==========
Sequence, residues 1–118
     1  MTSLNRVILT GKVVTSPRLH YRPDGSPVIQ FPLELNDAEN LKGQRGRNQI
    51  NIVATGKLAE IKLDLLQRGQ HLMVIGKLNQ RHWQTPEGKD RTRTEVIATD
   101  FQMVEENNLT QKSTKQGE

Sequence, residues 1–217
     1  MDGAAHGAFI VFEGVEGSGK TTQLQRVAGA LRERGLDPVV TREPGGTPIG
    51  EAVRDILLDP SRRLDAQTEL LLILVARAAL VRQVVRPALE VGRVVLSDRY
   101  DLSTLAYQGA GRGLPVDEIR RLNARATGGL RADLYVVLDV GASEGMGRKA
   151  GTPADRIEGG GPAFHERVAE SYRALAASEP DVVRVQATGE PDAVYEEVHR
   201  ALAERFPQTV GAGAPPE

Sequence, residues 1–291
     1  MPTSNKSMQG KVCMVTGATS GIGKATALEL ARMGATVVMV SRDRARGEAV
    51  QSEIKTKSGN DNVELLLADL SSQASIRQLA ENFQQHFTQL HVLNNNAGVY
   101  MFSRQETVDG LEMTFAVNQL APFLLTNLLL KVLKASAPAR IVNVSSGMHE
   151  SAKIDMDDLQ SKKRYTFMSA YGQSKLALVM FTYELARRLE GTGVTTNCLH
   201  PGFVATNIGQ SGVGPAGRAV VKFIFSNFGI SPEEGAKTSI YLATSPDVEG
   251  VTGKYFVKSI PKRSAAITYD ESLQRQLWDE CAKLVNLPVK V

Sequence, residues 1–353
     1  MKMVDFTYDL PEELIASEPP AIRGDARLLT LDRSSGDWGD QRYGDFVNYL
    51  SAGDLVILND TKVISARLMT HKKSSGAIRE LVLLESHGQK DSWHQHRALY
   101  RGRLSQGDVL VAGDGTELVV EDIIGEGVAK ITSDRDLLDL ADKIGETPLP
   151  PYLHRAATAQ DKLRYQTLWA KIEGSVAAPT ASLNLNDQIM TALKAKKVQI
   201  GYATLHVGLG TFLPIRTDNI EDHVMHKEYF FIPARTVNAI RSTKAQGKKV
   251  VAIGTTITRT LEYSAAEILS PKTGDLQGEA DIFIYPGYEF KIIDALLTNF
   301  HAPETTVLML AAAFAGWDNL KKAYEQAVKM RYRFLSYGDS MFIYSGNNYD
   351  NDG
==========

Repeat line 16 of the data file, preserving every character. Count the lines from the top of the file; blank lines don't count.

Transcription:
   201  PGFVATNIGQ SGVGPAGRAV VKFIFSNFGI SPEEGAKTSI YLATSPDVEG